posted by five fresh fish at 8:28 AM on May 2, 2009


"white sharks are the ultimate predator". Oh yeah, how well do you think they'd do in the serengeti?

with tank treads on their bellies and lots of suntan lotion, they'd be invincible
posted by pyramid termite at 9:19 AM on May 2, 2009


they can recognize whether or not someone is speaking their native language by seeing their lips move (despite not being able to understand the language!)

Wait, what? I'm lost. Again. Does someone who doesn't understand any language even really have a native language? Or perhaps we're saying that they are able to recognize an adult speaking a second language...but how would we get this observation from a baby? All this from studying the density of brain tissue, neural connections, and eye movements? Do scientists now claim to also know what adults are thinking by applying these same methods?
posted by Hoopo at 9:23 AM on May 2, 2009


Hoopo - someone else can probably tell you more about tissue density and neural imaging, but yes, eyetracking is a pretty well established methodology for studying adult cognition, particularly language processing.

Simpler 'eyetracking' methodologies for infants are also not new - a basic version of this involves monitoring which of two screens the baby prefers to look at. The logical leap here is that if changing the linguistic input changes the picture the baby prefers to look at, the baby must have been able to tell the difference - if you don't know the words "bear" or "ball", you should keep looking at your favorite picture whether you hear "Look at the bear" or "look at the ball." Developmental labs are also using the video-based eyetracking technologies as well.

Also, I don't know anything about infant lipreading, but one cool thing about babies' speech perception is that they can discriminate between a much wider variety of speech-sound contrasts than adults can. They lose this ability as they learn what contrasts are present in the language[s] they are learning (e.g. English-learners stop being able to distinguish between aspirated and nonaspirated [p]). Delmoi, what age are the kids in the study you're referencing? I'd imagine this type of finding would occur only after babies are accustomed to the sounds of their native language (though very possibly before they display comprehension of that language).
posted by heyforfour at 10:14 AM on May 2, 2009


Does someone who doesn't understand any language even really have a native language?

Actually, yes:
Infants' sensitivity to the sound structure of the native language becomes finely honed during the first year. New studies confirm and extend this fact in the domains of phonetic, metrical, and grammatical processing. First, infants were tested on their ability to discriminate phonetic, but nonmeaningful differences in the native language. Although most 6- to 8-month olds discriminated [d] versus [t], 10- to 12-month olds did not. Thus, by 10–12 months, infants listen to only those phonetic differences that distinguish acceptable native-language syllabic shapes.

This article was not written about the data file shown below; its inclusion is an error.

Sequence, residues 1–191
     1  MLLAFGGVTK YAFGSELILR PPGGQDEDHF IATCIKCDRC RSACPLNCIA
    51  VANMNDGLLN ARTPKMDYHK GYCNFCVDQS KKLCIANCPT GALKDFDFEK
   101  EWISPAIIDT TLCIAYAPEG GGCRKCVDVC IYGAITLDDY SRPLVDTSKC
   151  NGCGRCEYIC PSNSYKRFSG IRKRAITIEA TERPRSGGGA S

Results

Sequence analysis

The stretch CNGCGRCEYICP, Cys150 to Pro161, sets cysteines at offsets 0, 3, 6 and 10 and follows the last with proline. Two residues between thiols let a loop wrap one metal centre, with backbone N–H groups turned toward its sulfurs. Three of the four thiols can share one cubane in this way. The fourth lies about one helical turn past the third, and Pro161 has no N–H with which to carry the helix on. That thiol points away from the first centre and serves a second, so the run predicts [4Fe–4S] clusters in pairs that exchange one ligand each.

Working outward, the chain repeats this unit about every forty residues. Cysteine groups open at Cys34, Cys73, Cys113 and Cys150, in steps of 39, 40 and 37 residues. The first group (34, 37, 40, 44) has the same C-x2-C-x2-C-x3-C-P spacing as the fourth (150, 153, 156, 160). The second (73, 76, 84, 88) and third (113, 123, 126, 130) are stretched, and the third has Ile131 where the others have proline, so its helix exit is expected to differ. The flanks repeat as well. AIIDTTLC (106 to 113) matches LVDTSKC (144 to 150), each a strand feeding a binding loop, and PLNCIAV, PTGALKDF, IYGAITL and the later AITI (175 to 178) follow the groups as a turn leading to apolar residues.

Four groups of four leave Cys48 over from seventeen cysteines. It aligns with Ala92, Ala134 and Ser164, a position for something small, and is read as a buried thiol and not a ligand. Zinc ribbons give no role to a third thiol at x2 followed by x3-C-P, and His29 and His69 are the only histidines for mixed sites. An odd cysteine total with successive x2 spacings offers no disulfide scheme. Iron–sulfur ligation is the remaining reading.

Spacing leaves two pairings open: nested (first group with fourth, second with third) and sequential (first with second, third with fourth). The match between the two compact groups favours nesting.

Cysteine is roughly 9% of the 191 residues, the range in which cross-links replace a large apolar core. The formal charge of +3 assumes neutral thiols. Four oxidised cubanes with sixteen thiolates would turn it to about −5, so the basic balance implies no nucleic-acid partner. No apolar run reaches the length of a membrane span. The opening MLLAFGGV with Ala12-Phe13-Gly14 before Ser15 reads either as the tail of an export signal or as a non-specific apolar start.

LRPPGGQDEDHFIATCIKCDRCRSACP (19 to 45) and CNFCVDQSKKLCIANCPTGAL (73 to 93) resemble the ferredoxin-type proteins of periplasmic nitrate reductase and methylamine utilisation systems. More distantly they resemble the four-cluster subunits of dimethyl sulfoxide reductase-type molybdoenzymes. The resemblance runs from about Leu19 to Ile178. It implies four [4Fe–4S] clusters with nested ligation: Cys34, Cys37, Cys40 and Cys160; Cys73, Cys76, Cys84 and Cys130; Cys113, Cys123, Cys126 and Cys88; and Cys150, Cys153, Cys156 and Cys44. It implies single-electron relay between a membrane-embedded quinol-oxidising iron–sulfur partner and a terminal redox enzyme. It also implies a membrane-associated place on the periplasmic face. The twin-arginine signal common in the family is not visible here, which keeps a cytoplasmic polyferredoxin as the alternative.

posted by LooseFilter at 10:18 AM on May 2, 2009


(and also what heyforfour said)
posted by LooseFilter at 10:19 AM on May 2, 2009


Rock Steady: I focus on the player with the ball or at bat, to the extent that I filter out all the other activity in front of my face. She sees it all as equal (or at least more equally than I do) and so is able to pick up on some really interesting (and sometimes consequential, in the context of the game at hand) things, like players who are injured but hiding it, players who have a bad attitude or have given up on the game for some reason, etc.

It's strange that the more we learn about something, the more we focus on the applicable and salient action point(s) or the place that drives the narrative in an experience, yet we lose perspective on other surrounding factors that can be crucial. As your wife illustrates so well, a pitcher or a coach, or anyone on the infield really, would find it important to know who was displaying fatigue or injury on the other team. but if they don't focus on the narrative and remain attentive they risk disaster (missed line drive or easy throw to a base for an out). Being open to everything as it were, dilutes the narrative and one may see the whole picture, but it it quickly becomes meaningless and without momentum, or at least that forward momentum that gives a constant bit of stimulus as we count down balls and strikes. It can be distracting. This whole baseball thing a really good metaphor, for what one needs to do to function at a high level. IE:, retain over all perspective and follow the narrative w/o getting too swept away by either. One, perspective helping as long term strategy and the other, the immediate narrative as the short term strategy that needs to be implemented. The long term strategy can inform the short term, but if the short term strategy doesn't execute it makes no difference.